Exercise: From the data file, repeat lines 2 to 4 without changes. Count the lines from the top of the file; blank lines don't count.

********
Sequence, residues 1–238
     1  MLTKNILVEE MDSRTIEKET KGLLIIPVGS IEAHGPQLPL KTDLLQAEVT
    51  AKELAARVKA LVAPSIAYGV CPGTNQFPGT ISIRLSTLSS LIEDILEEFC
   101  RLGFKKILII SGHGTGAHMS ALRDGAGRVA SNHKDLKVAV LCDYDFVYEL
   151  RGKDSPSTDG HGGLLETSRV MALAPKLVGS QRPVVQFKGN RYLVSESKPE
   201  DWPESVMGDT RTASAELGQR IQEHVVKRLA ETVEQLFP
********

     1  MLTKNILVEE MDSRTIEKET KGLLIIPVGS IEAHGPQLPL KTDLLQAEVT
    51  AKELAARVKA LVAPSIAYGV CPGTNQFPGT ISIRLSTLSS LIEDILEEFC
   101  RLGFKKILII SGHGTGAHMS ALRDGAGRVA SNHKDLKVAV LCDYDFVYEL